• Avoid taking sides. Not all conflict is to be avoided. If a conflict is important enough to have its hooks into the attention of a large number of members of the population: use it as an occasion to remind people that civility is essential if discussions are to cohere into communities. Conflict tests the boundaries of the community.
  • In the long run, this is about democracy. Many communities of practice and interest thrive under autocratic moderation, and they are useful as informed, interactive versions of refereeed journals, but the power of increasing returns -- where the community itself directs the growth of its size and value -- can only emerge from an infectious spirit of voluntary collaboration.
  • Don't freeze a topic to make a point. Think about whether the topic belongs to more people than just you. People get really pissed if you use a host power unjustly.
  • Hosts get to know people -- from the beginning. Introduce yourself, let people get to know you. Be a good natured servant of the conversation, but you don't have to be characterless, egoless, or colorless.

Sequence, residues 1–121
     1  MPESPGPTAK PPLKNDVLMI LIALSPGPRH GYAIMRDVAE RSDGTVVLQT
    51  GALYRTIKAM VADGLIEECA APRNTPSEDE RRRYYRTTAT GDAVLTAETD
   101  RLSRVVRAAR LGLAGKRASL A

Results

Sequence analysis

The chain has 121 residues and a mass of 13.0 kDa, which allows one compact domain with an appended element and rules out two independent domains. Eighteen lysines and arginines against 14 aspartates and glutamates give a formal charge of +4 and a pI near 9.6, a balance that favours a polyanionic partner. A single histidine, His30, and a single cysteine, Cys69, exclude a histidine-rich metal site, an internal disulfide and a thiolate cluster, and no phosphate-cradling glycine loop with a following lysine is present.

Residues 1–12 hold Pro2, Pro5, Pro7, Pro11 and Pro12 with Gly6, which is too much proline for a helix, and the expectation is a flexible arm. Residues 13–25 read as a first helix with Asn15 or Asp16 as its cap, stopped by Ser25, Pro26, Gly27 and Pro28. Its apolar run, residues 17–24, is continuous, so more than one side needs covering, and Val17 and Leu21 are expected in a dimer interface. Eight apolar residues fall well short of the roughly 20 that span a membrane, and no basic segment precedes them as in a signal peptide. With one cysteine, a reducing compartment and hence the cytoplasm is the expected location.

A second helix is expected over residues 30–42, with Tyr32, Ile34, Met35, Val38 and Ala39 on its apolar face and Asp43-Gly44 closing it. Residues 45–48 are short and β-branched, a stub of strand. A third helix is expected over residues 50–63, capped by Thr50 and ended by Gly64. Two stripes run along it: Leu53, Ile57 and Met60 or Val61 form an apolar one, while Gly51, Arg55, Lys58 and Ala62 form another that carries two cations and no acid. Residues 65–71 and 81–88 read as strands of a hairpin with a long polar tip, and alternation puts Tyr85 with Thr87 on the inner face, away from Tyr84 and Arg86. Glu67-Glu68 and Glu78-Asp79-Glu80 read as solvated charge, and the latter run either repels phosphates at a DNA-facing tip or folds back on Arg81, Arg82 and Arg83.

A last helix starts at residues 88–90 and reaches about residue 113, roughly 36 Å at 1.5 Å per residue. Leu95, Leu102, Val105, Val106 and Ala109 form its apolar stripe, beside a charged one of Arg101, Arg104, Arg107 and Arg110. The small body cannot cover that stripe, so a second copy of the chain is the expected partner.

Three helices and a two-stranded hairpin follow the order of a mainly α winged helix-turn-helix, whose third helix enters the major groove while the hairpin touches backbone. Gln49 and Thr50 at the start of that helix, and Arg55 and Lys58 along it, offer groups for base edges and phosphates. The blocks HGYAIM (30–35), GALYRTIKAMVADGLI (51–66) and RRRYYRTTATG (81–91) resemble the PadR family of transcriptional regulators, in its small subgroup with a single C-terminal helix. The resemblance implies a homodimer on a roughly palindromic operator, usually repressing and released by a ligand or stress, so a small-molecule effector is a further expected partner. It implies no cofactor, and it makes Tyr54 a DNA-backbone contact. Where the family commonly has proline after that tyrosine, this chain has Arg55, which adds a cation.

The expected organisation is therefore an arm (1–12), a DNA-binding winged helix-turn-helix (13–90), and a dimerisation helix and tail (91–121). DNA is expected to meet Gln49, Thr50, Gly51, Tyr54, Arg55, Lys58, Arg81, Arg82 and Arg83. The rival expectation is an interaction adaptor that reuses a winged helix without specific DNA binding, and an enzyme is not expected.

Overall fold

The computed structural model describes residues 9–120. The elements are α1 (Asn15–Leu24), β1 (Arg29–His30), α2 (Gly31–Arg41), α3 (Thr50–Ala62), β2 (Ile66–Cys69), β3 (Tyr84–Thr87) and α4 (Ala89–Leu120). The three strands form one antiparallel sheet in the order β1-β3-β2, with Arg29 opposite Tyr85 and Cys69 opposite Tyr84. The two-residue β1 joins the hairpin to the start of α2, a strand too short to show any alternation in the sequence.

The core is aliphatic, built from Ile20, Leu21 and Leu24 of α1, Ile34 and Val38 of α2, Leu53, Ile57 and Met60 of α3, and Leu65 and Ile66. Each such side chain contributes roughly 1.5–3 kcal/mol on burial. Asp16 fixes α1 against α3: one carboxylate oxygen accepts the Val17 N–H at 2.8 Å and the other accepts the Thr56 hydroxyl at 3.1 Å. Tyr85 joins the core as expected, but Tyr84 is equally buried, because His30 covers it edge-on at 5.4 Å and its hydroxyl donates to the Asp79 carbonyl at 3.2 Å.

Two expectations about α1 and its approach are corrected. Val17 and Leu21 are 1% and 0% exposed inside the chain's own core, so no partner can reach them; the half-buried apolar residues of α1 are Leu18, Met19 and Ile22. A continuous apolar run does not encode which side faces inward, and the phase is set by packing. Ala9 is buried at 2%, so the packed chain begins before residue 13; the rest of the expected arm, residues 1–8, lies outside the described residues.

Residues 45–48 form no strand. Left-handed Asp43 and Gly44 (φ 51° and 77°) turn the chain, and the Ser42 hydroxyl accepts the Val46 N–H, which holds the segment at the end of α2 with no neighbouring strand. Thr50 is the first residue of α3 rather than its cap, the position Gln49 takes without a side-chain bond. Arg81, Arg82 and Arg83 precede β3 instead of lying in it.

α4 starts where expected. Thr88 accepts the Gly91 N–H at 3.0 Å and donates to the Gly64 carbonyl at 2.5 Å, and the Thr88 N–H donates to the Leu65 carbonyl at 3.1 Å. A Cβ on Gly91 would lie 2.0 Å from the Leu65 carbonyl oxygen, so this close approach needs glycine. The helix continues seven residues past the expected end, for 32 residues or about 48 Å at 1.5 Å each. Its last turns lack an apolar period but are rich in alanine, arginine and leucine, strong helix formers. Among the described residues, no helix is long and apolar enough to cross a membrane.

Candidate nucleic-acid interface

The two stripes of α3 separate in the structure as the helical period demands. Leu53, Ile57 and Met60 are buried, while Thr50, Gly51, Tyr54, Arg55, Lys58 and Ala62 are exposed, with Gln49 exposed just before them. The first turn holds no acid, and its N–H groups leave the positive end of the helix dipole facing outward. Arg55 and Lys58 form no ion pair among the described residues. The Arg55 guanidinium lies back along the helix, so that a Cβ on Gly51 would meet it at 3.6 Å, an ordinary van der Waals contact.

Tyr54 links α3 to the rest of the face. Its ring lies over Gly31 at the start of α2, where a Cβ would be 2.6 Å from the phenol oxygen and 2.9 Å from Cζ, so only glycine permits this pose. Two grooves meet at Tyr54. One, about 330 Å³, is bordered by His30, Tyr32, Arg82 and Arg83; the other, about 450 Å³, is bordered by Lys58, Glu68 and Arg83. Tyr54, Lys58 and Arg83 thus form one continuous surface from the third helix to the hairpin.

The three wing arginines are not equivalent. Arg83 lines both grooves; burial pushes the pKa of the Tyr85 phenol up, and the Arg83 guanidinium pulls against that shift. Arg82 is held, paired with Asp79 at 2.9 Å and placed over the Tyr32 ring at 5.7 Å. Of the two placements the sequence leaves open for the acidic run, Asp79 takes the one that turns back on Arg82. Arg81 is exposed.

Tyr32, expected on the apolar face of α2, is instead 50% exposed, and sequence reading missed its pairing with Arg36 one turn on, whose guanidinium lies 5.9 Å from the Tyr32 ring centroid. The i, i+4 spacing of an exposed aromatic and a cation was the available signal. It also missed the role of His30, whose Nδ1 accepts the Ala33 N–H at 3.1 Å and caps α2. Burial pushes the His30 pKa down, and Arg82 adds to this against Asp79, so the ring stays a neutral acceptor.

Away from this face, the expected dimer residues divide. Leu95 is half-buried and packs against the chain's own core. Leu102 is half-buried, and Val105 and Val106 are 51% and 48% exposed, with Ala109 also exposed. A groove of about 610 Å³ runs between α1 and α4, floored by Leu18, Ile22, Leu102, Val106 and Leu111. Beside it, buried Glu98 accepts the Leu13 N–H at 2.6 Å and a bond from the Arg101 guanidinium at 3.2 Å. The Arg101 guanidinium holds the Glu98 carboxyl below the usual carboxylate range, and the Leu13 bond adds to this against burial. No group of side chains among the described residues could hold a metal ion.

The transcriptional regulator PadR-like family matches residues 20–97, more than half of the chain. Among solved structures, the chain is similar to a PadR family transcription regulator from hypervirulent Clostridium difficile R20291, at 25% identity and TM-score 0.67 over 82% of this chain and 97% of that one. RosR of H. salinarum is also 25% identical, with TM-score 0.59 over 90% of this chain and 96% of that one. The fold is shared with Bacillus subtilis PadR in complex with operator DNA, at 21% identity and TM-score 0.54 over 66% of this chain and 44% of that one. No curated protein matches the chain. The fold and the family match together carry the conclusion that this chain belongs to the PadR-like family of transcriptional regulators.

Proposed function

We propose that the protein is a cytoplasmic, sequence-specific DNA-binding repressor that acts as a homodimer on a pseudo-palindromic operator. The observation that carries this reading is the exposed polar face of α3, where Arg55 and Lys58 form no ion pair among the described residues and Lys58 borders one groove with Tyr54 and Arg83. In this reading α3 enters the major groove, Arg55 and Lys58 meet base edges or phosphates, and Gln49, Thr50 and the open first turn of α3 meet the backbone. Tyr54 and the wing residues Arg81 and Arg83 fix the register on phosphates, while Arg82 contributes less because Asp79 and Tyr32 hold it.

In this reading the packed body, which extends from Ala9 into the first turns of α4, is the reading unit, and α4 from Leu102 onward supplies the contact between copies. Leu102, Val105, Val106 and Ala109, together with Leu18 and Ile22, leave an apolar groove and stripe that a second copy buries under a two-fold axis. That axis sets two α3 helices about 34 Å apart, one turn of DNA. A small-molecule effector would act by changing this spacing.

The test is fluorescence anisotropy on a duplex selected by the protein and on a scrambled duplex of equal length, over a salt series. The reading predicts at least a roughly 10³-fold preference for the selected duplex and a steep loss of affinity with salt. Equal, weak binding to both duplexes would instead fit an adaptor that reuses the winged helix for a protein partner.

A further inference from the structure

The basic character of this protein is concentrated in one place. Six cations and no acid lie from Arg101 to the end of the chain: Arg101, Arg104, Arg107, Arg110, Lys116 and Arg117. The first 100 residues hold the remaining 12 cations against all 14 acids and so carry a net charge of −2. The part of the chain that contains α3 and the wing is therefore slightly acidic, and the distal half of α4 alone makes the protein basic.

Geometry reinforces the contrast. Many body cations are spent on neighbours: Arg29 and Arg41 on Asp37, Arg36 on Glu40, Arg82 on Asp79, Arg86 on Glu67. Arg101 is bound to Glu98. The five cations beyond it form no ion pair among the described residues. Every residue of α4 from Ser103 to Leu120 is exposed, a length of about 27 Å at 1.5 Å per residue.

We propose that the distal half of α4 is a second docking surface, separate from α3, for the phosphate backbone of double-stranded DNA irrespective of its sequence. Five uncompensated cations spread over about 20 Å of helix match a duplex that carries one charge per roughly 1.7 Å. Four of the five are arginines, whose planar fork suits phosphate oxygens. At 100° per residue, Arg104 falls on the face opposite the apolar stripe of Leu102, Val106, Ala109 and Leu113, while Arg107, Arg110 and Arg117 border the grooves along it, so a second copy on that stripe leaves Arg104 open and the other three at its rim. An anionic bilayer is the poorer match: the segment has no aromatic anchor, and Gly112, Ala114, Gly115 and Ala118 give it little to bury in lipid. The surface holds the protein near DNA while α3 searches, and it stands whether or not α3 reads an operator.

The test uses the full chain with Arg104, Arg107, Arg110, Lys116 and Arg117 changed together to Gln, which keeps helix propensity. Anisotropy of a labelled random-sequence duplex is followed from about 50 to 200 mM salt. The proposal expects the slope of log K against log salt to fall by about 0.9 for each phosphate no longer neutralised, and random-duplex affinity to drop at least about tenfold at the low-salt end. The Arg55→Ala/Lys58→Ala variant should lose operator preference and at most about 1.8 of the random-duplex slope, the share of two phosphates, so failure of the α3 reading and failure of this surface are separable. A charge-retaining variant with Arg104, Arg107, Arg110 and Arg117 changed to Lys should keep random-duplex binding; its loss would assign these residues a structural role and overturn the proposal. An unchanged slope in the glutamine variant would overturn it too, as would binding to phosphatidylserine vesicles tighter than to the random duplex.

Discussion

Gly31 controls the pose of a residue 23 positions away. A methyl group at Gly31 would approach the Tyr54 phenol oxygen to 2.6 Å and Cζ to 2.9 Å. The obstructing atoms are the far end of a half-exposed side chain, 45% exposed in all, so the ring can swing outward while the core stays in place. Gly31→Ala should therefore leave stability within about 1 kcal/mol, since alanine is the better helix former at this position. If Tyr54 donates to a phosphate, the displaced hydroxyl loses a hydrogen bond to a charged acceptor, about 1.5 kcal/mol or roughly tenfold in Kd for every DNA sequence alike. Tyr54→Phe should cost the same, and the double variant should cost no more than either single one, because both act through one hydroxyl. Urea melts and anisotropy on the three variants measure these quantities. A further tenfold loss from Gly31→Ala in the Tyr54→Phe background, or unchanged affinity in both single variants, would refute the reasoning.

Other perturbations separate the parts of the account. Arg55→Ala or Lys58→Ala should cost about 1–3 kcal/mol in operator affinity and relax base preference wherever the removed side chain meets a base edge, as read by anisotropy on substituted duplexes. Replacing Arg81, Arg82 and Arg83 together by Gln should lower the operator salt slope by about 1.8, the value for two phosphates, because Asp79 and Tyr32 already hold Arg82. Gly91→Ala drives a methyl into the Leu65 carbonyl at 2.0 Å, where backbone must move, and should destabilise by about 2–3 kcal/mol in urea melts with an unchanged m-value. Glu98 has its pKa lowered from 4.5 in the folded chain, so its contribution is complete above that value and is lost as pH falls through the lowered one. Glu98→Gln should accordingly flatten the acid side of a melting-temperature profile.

• Welcome new people, and after the first ones get to know each other, continue to encourage oldtimers to welcome newcomers. Eventually, the community takes over the public welcoming function.
  • People's first reactions are most important. Praise them by name. Be interested. Read their profiles and point them to information that you think will be personally relevant to them.
  • Names have power. Put your newcomer up on a pedestal by name, for doing something that adds to the community, and that newcomer will amplify that behavior forever after.
  • Communicate via email with both promising newcomers and troublemakers.